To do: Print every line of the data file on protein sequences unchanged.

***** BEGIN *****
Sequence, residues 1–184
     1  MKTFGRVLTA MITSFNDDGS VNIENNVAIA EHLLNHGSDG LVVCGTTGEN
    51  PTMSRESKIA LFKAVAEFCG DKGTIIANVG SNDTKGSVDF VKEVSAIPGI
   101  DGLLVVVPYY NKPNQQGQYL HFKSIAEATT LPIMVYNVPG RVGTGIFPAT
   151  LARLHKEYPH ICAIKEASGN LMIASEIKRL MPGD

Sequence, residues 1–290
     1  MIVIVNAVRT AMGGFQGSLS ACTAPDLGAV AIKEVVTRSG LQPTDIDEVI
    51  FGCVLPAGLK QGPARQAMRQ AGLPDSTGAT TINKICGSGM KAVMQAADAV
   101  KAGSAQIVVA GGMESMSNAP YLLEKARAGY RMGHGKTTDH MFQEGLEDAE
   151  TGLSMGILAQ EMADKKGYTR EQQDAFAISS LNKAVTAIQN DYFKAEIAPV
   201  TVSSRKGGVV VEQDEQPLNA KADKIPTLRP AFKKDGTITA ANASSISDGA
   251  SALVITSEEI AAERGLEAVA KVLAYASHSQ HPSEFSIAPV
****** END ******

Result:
Sequence, residues 1–184
     1  MKTFGRVLTA MITSFNDDGS VNIENNVAIA EHLLNHGSDG LVVCGTTGEN
    51  PTMSRESKIA LFKAVAEFCG DKGTIIANVG SNDTKGSVDF VKEVSAIPGI
   101  DGLLVVVPYY NKPNQQGQYL HFKSIAEATT LPIMVYNVPG RVGTGIFPAT
   151  LARLHKEYPH ICAIKEASGN LMIASEIKRL MPGD

Sequence, residues 1–290
     1  MIVIVNAVRT AMGGFQGSLS ACTAPDLGAV AIKEVVTRSG LQPTDIDEVI
    51  FGCVLPAGLK QGPARQAMRQ AGLPDSTGAT TINKICGSGM KAVMQAADAV
   101  KAGSAQIVVA GGMESMSNAP YLLEKARAGY RMGHGKTTDH MFQEGLEDAE
   151  TGLSMGILAQ EMADKKGYTR EQQDAFAISS LNKAVTAIQN DYFKAEIAPV
   201  TVSSRKGGVV VEQDEQPLNA KADKIPTLRP AFKKDGTITA ANASSISDGA
   251  SALVITSEEI AAERGLEAVA KVLAYASHSQ HPSEFSIAPV